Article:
Your second safest option from a warranty standpoint is to replace the pinbox of your trailer. Some companies may have a specific selection of approved gooseneck adapters. Lippert components have endorsed the Reese gooseneck adapter.
To avoid violating the terms of your warranty, always contact the manufacturer or your dealer before making any changes to your rig.
Can you Tow More with a Gooseneck?
Both gooseneck and fifth wheel configurations will allow you to tow more than bumper towing. This is because they place the weight of your trailer over the axle and frame of your truck bed. This is a more stable setup than bumper towing, so you can tow heavier and longer cargo.
When choosing between gooseneck and fifth wheel towing for your truck, gooseneck towing does have a higher upper limit. For example, Ford's fifth-wheel towing limit is 32,500 lbs. If you have a Ford truck with a higher towing capacity, such as an F-350 or F-450 with a Turbo-Diesel V8 engine, you will need a gooseneck to tow any more weight than that.
So, in essence, you can tow more with a gooseneck if you have a powerful enough truck. In practice, this only applies to a very small number of drivers. The towing capacity of your tow vehicle is more likely to be a limit than whether you use a fifth wheel or gooseneck connection.
What Size Truck Do I Need to Pull a Gooseneck Trailer?
Gooseneck trailers can exceed 20,000 or even 30,000 lbs when fully loaded. If you are planning on hauling anything near that weight, you will want to consider a 1-ton truck with a diesel engine, preferably a dually.
However, if you are using your gooseneck converter to tow a fifth-wheel camper, you won't need as much towing capacity. Many fifth wheels are light enough to be pulled by 3/4- or even 1/2-ton pickups.
You can learn more about this topic in our article, "Can You Pull a 5th Wheel with a Half-Ton Truck?"
Can I haul a Gooseneck Without a CDL?
The presence or absence of a gooseneck will not affect whether or not you need a CDL. However, people often use goosenecks to haul higher weights, which might put you in a position where you need a CDL or a special driver's license, depending on your state.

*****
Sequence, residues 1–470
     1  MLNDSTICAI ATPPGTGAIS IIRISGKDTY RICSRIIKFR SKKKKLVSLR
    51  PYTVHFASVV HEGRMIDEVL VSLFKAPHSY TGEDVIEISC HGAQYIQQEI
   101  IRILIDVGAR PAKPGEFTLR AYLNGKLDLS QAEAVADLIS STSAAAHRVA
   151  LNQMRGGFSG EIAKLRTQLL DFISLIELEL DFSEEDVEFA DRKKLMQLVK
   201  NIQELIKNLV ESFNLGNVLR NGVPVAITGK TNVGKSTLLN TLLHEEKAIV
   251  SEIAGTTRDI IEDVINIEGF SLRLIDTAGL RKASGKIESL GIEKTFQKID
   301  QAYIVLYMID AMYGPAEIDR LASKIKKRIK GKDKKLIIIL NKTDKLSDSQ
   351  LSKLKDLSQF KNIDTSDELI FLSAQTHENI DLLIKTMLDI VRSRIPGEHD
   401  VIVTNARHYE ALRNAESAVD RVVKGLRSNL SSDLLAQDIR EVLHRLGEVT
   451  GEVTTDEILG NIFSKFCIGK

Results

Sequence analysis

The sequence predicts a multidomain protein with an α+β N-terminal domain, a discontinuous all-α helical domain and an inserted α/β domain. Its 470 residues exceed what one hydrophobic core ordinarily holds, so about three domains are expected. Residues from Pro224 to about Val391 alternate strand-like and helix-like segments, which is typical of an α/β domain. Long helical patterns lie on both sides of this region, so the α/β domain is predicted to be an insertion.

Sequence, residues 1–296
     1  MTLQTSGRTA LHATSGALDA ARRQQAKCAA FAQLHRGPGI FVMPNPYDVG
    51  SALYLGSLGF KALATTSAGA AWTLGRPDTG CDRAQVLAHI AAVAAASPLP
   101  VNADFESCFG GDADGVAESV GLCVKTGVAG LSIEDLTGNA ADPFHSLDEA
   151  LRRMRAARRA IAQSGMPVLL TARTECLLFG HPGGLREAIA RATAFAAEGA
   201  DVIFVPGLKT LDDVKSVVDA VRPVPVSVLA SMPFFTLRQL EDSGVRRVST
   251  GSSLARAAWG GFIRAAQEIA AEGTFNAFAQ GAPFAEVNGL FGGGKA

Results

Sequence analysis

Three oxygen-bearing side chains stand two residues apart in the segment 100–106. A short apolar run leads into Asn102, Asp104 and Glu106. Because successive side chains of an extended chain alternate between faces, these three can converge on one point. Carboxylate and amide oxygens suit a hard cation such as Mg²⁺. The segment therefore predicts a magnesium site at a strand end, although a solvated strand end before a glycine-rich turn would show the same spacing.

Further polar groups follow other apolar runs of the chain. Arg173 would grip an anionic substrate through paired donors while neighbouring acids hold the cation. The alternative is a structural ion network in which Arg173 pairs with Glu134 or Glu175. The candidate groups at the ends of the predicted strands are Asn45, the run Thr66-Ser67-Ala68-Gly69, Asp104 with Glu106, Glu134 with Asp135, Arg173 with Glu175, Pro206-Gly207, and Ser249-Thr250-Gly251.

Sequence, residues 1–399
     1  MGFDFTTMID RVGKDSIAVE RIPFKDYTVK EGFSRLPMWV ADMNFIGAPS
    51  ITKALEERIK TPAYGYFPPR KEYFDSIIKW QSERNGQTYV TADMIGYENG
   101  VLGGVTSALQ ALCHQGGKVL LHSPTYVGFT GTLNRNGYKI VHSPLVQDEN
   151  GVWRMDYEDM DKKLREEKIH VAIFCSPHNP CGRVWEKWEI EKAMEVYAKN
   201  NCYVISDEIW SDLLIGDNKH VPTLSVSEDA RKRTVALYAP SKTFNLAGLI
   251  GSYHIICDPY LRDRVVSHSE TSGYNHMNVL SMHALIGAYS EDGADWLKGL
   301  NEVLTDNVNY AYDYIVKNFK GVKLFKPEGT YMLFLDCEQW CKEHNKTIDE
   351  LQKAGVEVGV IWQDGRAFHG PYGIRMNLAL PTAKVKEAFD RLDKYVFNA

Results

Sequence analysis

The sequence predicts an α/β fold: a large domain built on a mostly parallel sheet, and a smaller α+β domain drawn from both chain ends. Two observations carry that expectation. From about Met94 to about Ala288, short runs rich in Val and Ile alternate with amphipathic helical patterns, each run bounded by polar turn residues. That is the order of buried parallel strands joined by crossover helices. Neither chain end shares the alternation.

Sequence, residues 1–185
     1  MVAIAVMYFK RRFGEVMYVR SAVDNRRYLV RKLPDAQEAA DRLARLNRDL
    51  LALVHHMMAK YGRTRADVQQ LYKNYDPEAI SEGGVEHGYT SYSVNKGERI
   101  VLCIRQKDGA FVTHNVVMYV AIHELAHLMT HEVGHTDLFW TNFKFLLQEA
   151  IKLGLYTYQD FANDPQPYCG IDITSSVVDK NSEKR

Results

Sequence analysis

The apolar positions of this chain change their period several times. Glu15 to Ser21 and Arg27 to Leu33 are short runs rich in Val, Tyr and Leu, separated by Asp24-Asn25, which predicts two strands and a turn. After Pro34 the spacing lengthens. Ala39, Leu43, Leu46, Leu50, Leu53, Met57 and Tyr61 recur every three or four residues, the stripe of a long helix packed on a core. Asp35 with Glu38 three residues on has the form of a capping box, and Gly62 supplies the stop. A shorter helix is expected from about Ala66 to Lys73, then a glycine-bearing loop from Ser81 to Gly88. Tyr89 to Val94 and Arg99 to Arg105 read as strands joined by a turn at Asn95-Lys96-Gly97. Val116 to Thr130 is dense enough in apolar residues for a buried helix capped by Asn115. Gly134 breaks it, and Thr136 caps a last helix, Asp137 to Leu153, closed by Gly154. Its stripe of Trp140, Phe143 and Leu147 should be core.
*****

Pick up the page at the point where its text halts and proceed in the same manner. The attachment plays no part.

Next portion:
Let's take a look at the rules for CDLs.
Federal CDL Regulations
Federal CDL rules only regulate commercial drivers. They do not apply if your vehicle is only used for recreational purposes. If you are only using your gooseneck to tow an RV, you are not required to get a CDL or other special license by the federal government. However, your state may still require it (more on that below).
Federal rules for classifying commercial drivers follow below.
If the gross combined weight rating (GCWR) is over 26,000 lbs and the vehicle or vehicles being towed have a gross vehicle weight rating (GVWR) over 10,000 lbs.
If the GCWR is over 26,000 lbs and the GVWR for the towed vehicle is under 10,000 lbs.
If the Class A and Class B regulations are not met, but the vehicle is designed to carry 16 or more passengers (including the driver) or is placarded for hazardous materials.
You can see a helpful graphic for these rules from the FMCSA here.
State CDL and Special Driver's License Regulations
Some states require a CDL or a special driver's license if your RV meets certain criteria. Here are their rules:
Connecticut; Hawaii; Kansas; New Mexico; Washington, D.C.
You need a Class B CDL for a single vehicle over 26,000 lbs. You need a Class A CDL for multiple vehicles with a combined weight of over 26,000 lbs.
CDL is required for vehicles over 26,000 lbs.
CDL is required for vehicles over 45' in length.
State Non-commercial Special Driver's License Rules
Some states require special driver's license for non-commercial use depending on weight:
Pennsylvania, South Carolina, Texas
You'll need a Class B license for a single vehicle over 26,000 lbs. Class A required for multiple vehicles with a GCWR over 26,000 lbs.
You'll need a Class B license for vehicles over 26,000 lbs or 40'. Class A required for towing more than 10,000 lbs.
You'll need a Class B license for vehicles over 26,000 lbs.
If you are towing a fifth-wheel and a trailer, you will need a Recreational Double "R" Endorsement.
You'll need a Class B license for a single vehicle over 26,000 lbs. Class A required for a GCWR over 26,000 lbs and towing more than 10,000 lbs. A "J" endorsement is required if you are towing more than 10,000 lbs, but the GCWR is less than 26,000 lbs.
You'll need a Recreation Vehicle ("R") endorsement for vehicles over 26,000 lbs.
You'll need a Class B license for vehicles with a combined weight of over 26,000 lbs towing under 10,000 lbs. Class A required for multiple vehicles with a GCWR over 26,000 lbs and towing over 10,000 lbs.
If you need a CDL, you can learn more about the cost and process in our article, "How Much Does a CDL Cost?"
We've seen a variety of fifth-wheel-to-gooseneck adapters that can help you get your fifth wheel on the road. Knowing more about the pros and cons of each will help you choose the right one for you. You can spend less time choosing and more time on the road.